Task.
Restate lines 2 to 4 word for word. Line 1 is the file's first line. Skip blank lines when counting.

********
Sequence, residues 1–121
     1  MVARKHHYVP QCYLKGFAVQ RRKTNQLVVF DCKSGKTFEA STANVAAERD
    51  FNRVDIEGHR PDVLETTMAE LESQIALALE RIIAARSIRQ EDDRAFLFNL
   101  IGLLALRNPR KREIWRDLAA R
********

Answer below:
     1  MVARKHHYVP QCYLKGFAVQ RRKTNQLVVF DCKSGKTFEA STANVAAERD
    51  FNRVDIEGHR PDVLETTMAE LESQIALALE RIIAARSIRQ EDDRAFLFNL
   101  IGLLALRNPR KREIWRDLAA R